1.2 Productivity Conceptualized

Productivity is conceptualized in a number of related ways. All productivity metrics in one form or another measure how much output producers obtain from a given set of inputs. As such they are measures of the ecacy of the supply side of the economy (though \ecacy" need not always be synonymous with social welfare).  An interpretation of productivity as an economic primitive is as a factor-neutral (aka Hicks-neutral) shifter of the production function.1 Consider the general production function Q = Omega * F(.), where Q is output and F() is a function of observable inputs capital such as capital, labor and intermediate inputs.  Omega is productivity, the factor-neutral shifter.  It reflects variations in output not explained by shifts in the observable inputs that act through F(). A higher value of Omega implies the producer will obtain more output from a given set of inputs. That is, it denotes a shift in the production function's isoquants down and to the left.

A second conceptualization is empirical: productivity as a ratio of output to inputs.  This is tightly related to the production-function-shifter interpretation above. This can be seen by isolating productivity from the production function: Omega = Q / F(.) . A is clearly an output-to-input ratio. Here, where output is divided by a combination of observable inputs, the productivity concept is named total factor productivity (TFP) (it is also sometimes called multifactor productivity, MFP). There are also single-factor productivity measures, where output is divided by the amount of a single input, most commonly labor; i.e., labor productivity. Because single-factor productivity measures can be affected not just by shifts in TFP but factor intensity decisions as well, TFP measures are often conceptually preferable. On the other hand, labor productivity is often easier to measure than TFP.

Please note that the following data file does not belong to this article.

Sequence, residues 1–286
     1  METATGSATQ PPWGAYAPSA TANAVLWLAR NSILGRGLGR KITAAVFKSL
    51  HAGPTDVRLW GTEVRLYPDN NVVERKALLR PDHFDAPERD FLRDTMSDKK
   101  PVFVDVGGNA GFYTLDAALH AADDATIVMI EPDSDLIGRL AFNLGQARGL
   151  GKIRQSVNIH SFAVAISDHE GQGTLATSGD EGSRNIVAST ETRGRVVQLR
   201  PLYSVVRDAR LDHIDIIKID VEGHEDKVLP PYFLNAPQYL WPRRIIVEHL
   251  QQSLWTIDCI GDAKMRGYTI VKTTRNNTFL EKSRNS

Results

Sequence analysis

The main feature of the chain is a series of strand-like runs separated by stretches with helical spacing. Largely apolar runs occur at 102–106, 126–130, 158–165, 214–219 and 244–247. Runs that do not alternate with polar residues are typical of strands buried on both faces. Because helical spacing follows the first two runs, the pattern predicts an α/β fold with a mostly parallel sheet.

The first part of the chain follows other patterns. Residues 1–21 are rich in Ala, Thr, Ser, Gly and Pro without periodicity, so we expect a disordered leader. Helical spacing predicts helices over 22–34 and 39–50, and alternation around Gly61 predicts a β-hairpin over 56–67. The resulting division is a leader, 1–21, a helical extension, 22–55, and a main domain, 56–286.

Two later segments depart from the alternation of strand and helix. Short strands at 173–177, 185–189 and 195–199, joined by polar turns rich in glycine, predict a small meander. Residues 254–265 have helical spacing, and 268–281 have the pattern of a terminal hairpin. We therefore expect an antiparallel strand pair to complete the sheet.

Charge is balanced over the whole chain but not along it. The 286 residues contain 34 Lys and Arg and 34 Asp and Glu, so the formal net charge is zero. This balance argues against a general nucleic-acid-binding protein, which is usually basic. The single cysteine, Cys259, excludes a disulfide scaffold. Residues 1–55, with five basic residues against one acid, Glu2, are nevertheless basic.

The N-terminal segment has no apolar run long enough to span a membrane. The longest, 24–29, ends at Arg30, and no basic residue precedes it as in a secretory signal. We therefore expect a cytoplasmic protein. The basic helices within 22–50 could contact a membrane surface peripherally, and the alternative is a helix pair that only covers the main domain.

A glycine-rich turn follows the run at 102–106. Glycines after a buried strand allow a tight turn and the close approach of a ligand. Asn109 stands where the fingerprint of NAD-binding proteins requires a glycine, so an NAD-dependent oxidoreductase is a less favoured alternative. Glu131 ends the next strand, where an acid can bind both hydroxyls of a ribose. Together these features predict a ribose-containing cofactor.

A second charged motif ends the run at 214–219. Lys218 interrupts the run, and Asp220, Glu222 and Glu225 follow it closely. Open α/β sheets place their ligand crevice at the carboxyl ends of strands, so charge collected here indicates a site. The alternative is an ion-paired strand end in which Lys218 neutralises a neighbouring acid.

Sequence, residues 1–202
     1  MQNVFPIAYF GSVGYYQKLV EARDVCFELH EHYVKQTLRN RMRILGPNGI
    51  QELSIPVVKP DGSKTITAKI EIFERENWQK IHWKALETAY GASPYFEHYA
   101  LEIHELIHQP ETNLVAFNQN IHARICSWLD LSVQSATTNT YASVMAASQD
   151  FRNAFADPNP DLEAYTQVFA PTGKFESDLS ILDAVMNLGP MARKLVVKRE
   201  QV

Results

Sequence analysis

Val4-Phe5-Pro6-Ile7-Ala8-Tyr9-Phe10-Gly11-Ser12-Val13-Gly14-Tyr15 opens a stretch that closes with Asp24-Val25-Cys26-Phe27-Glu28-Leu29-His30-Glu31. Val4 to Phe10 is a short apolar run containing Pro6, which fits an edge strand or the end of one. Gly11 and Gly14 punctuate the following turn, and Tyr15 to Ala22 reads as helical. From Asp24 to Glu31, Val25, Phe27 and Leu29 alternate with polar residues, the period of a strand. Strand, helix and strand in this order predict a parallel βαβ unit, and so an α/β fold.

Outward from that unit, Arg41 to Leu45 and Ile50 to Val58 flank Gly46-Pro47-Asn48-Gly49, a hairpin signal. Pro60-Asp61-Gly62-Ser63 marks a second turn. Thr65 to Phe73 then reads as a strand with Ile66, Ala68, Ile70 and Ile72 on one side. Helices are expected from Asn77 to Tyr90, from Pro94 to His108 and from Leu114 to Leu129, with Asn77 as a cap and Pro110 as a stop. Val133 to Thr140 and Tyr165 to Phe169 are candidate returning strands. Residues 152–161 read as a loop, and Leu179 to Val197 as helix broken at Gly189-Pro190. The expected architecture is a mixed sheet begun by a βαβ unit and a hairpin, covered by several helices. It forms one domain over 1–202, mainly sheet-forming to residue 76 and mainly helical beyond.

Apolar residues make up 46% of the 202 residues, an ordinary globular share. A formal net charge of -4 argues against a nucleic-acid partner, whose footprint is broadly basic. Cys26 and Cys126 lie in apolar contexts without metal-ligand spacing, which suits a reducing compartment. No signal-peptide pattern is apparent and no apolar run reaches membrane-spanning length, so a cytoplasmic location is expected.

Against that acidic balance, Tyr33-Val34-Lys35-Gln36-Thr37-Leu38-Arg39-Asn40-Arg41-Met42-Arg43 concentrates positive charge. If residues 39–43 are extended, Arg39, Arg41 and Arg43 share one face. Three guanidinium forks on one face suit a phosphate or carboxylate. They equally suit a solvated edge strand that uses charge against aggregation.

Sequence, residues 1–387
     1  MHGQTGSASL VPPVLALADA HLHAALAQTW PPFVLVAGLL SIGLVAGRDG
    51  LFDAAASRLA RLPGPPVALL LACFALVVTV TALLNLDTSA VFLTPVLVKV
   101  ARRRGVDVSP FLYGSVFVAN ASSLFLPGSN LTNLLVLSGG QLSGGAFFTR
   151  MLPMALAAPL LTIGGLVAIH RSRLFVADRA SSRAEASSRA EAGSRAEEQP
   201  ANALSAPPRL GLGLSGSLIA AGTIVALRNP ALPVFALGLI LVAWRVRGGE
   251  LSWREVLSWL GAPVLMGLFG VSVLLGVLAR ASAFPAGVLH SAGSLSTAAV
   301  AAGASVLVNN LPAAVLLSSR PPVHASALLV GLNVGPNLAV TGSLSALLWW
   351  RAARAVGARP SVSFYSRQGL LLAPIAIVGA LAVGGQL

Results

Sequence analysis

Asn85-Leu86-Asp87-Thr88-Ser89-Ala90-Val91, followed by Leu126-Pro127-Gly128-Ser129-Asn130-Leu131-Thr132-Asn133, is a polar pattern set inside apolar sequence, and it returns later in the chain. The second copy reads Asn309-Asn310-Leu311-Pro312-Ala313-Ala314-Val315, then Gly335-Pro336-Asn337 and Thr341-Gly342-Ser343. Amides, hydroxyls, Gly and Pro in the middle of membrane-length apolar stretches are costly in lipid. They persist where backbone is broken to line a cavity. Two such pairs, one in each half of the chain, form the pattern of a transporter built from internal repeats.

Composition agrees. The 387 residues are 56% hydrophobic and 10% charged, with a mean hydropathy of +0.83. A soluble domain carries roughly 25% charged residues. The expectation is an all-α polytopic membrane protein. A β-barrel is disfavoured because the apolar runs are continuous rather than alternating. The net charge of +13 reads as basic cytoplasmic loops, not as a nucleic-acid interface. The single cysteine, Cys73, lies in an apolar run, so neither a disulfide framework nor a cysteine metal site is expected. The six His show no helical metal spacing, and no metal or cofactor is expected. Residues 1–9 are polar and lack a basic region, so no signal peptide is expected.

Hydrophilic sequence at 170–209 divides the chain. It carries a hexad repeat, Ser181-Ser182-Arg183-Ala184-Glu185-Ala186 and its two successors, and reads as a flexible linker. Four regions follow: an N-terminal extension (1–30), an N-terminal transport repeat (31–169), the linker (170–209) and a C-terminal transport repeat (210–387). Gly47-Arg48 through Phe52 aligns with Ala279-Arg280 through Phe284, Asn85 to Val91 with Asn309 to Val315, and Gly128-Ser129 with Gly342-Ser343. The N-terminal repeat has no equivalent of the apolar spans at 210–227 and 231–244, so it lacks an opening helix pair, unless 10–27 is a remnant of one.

A third conceptualization is of productivity as a shifter of the producer's cost curve.  Higher productivity shifts down the cost curve; that is, at the producer's cost-minimizing combination of inputs, its total cost of producing a given quantity is lower, the higher is its TFP level. This productivity conceptualization is related to the other two because the cost function is the value function of the producer's cost minimization problem, which takes the production function as its constraint. This cost function shifts down when productivity rises.